The Icelandic music scene might be small, but it’s bursting with talented artists spanning all genres. One such artist is singer-songwriter Axel Flóvent, who is already a well-established part of the Iceland music scene and is moving in a slightly new direction since relocating to Holland earlier this year.
Following his set at the atmospheric Bryggjan Brughús at Reykjavík’s annual Iceland Airwaves music festival, FMS caught up with him to talk about Airwaves, the move to Holland, his new single, ‘City Dream,’ and his plans for the coming year.
A small table in the staff restroom was a somewhat curious place for a chat, but the venue – a large bar, restaurant and working brewery – was full, and space was limited. Axel Flóvent had already played a few sets around the city as part of the Airwaves festival with the guitarist who has been with him for the last two years, Hafsteinn Þráinsson, and, making an appearance on stage with him for the first time, his cellist. The set opened with the beautiful single ‘Your Ghost’ and featured other mellow folk-led songs, such as the wonderfully smooth ‘Forest Fires.’ He would later play main support to the festival’s headliners, Mumford and Sons, on the Sunday night at Vallshöllin.
“Airwaves is always like Christmas,” says Flóvent, beaming, echoing what a number of his fellow countrymen and women have said about the festival. “Airwaves is always the main week of the year, especially for Icelandic artists. It’s the main week people from abroad come to see Icelandic musicians; it’s the place to be if you’re trying to be spotted.”
A miscommunication nearly scuppered that, however: Flóvent wasn’t even sure if he was on the schedule this year until a couple of weeks beforehand. “I was really sad. I had mentally prepared myself for not playing, and thought ‘I’m ok with that,’ and then I got the news I was playing. I was so, so happy – it’s always so special.”
Originally from the small fishing village of Húsavík in the north of Iceland, Flóvent, now 21, moved to Amsterdam in March this year to be close to his label, Sony. “I needed a more proactive relationship with the label, so it made sense to get things going.”
The move to Holland appears to be working, particularly in respect of his creativity. “In Iceland, it’s always felt very clouded for me,” he says. “When I’m in Amsterdam, I feel so relaxed. Creatively, it feels the right thing to be doing.”
It’s interesting to hear the stifling effect his home country has upon his musical inspiration. Being from an island nation with just over 330,000 people (220,000 of whom reside in the Reykjavík capital region), it’s easy to imagine the ‘bubble’ that exists in the creative industry and the desire for young, ambitious artists like Flóvent to spread their wings and move elsewhere, even if it’s just temporary.
“When we come back to Iceland, we call it the ‘after tour down.’ The reality is the same for so many musicians in Iceland: we go abroad to work, and then come home. Being here makes me feel very clouded. Since I moved to Amsterdam, I don’t feel this cloudiness. I just go into the studio and write. I know it works well.”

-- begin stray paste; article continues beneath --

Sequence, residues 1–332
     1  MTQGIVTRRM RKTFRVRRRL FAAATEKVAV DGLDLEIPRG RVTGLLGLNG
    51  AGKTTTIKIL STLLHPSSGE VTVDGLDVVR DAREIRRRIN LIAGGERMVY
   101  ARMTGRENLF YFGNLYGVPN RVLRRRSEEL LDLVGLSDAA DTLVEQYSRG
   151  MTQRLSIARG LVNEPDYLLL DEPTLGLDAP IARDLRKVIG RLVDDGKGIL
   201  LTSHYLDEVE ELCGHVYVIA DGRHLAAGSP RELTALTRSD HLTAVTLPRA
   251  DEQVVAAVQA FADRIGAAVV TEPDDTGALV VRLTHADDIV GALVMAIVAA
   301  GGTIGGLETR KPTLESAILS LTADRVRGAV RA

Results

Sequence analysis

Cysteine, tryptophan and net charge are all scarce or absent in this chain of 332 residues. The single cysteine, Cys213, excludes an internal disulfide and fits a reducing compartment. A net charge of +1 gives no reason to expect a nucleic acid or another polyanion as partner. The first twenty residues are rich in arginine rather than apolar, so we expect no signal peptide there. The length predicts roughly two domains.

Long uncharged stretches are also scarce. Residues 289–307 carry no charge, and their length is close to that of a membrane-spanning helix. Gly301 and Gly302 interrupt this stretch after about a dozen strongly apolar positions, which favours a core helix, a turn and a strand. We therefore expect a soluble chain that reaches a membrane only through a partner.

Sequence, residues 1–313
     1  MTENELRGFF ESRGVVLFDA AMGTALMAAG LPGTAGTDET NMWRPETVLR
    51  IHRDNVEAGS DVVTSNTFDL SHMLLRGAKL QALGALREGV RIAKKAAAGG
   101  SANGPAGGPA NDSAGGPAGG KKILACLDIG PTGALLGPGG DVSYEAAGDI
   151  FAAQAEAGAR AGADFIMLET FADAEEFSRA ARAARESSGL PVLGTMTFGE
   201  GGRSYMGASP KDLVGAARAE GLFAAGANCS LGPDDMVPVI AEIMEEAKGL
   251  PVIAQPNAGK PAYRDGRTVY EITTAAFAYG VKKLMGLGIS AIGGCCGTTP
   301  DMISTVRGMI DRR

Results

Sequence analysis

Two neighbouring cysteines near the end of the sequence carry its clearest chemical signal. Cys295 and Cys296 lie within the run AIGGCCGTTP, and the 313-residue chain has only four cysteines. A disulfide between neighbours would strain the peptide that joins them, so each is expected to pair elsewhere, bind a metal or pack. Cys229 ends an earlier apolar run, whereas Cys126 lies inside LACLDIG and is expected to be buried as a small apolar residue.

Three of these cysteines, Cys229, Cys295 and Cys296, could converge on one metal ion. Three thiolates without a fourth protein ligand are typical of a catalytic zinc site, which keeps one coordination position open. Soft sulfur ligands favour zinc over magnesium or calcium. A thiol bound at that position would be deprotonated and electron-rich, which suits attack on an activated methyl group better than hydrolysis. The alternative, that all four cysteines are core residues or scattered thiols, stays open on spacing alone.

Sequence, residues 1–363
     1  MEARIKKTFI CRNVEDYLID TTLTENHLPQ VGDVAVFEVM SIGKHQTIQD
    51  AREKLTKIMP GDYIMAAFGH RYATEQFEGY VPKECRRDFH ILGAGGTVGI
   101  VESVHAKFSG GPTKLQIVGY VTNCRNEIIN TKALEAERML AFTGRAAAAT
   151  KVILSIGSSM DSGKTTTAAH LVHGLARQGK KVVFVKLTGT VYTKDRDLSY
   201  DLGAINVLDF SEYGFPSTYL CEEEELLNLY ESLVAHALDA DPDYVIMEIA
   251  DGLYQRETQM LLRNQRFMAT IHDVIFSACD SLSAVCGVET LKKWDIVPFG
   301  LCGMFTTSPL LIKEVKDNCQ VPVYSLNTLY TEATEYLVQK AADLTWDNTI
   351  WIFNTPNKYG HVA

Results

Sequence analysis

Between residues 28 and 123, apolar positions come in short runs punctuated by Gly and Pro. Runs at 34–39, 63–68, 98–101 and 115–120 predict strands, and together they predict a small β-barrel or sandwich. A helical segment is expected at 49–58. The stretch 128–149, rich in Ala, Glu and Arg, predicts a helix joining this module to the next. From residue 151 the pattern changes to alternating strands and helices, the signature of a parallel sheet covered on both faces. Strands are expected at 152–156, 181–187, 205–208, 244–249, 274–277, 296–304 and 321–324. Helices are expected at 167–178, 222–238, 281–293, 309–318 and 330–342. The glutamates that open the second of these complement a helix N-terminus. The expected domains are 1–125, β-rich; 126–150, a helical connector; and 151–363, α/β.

The move seems to be bearing fruit: Flóvent’s current single, ‘City Dream,’ was released in October this year. Breaking away from his previous stripped-down acoustic offerings, it involves a much bigger sound with a lot more production, which is something he felt he had been missing since moving away from playing with his indie-rock band and embarking on his solo career.
“I wanted something a bit more fun,” explains Flóvent. “It’s a blend of previous work, with more of an ‘80s production, more like the music I listen to now.”
This shift in direction is very much influenced by Flóvent’s musical tastes, which, of course, change over time. When he was writing the Forest Fires EP, which was released in early 2016, he was in a different place musically, listening to the likes of Fleet Foxes and Band of Horses. Now, he is keen for his slight change of direction to show a few more versions of himself instead of following the same pattern, although he is very clear that the songs on his forthcoming album are not a complete departure.
“Even though the production has increased, I still write them in an acoustic sense,” he explains. “I just want the production to make them more alive. I hope the songs still talk to you.”
When watching him on stage, it’s evident that Flóvent’s songwriting comes from within, “The songs are small stories from my past, and I re-live them every time I sing them. I’m really happy to be able to do that. I’ve never been that good at talking, but when I write songs, it’s much clearer.”
Flóvent is currently recording ‘Fireworks’ for his next EP, which he expects will be a little introduction to his forthcoming album (yet to be put together). He’s keen to stress that this delicate song is about as stripped back acoustically as it could be, demonstrating both his versatility and showing that he still has one foot firmly rooted in what is becoming quite a distinctive Icelandic folk-pop sound.
“I’m excited for what’s happening,” he says passionately. As we made our way out of the cupboard-sized room, we bumped into local musical heavyweights, Mammút, who were making their way past the copper brewing vessels to the stage for the next set.
Axel Flóvent is touring in Holland in December, with more dates to be confirmed in January.
‘City Dream’ is out now via Sony Records.
Words & Live Photos: Mike Powell /Glossy Onions Photography